GOLDEN, Colo. (AP) — An 18-year-old told a 911 dispatcher last fall that he kidnapped and killed a missing suburban Denver school girl and had hidden her remains in a crawl space at his mother's home, according to a recording played by a prosecutor in court Friday.
The recording was played at a preliminary hearing at which a judge decided there's enough evidence for Austin Sigg to stand trial in both the death of 10-year-old Jessica Ridgeway in October and an attack on a jogger at nearby Ketner Lake in May.
Sigg is charged with murder, kidnapping, sexual assault and robbery. Prosecutors also added three counts of sexual exploitation of a child because child pornography was allegedly found during the investigation.
Jessica's disappearance on her way to school set parents in the Denver area on edge for weeks last October. Hundreds of officers canvassed the area, investigated leads and took DNA samples as parents waited with their children at bus stops and thought twice about letting them out of sight.
On Oct. 23, Sigg's mother called 911 to say her son wanted to turn himself in and had confessed to killing the girl. When the dispatcher asked what Austin Sigg said, Mindy Sigg replied, "That he did it, and he gave me details, and her remains are in my house."
She can be heard crying and asking if her son will talk to the dispatcher, who asks him general questions.
"I don't exactly get why you're asking me these questions. I murdered Jessica Ridgeway. I have proof that I did it," Austin Sigg said. "You have to send a squad car down here, and I'll answer any questions you want to ask me."
He also said the remains were in a crawl space.
When asked about his criminal record, he told the dispatcher: "The only other thing that I have done was the Ketner Lake incident where the woman got attacked. That was me."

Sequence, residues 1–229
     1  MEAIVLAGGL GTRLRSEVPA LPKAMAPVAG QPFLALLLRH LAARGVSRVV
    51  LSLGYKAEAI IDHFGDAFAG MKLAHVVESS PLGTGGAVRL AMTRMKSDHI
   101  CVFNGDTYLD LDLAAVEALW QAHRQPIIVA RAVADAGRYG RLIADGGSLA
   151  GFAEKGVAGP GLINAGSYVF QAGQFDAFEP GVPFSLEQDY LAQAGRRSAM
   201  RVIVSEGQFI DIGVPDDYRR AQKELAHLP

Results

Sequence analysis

The teen allegedly had told his mother he kidnapped Jessica as she walked past his car, bound her arms and her legs, placed her in the back seat, drove around for a little bit, then took her to his house, said Westminster police Detective Michael Lynch, who interviewed Mindy Sigg.
He said the teen allegedly had Jessica change clothes and tried to strangle her, first with zip ties and later with his hands. He said he then took the girl's body to a bathtub where he dismembered her using a saw, Lynch testified.
"Austin said that he didn't rape her," Lynch said. "It was a comment he had made right off the bat, 'I didn't rape her. I didn't torture her.'"
The teen had been on investigators' radar before his mother turned him in. A neighbor called a tip line suggesting they check him out because he seemed preoccupied with death, Westminster police Detective Luis Lopez said.
Two FBI agents responded and took a DNA sample from Sigg on Oct. 19, four days before his mother called 911.
Lopez said Sigg's DNA — the kind left behind by touching something — was found on Jessica's remains and clothing, but no semen was found.
The judge originally ordered the hearing Friday to be closed to the public but the Colorado Supreme Court sided with media organizations who argued that he failed to show that holding the hearing in public would jeopardize Sigg's right to a fair trial.
Some of Jessica's remains were found in garbage bags in an open space park five days after she disappeared. Friday was the first time investigators revealed that the bags contained her torso. Lopez said she died of asphyxiation.
The case set parents in the Denver area on edge as weeks passed without an arrest. Hundreds of officers canvassed the area, investigated leads and took DNA samples as parents waited with their children at bus stops and thought twice about letting them out of sight.
Police asked residents to look for anything suspicious from their bosses, friends and family members, watching for things like leaving home unexpectedly, missing appointments or changing their appearance.
Lopez said Sigg's mother turned her son in a day before testing was completed on the DNA sample taken based on the neighbor's tip.
Former classmates of Sigg described him as smart and interested in mortuary science.
Arraignment is set for March 12.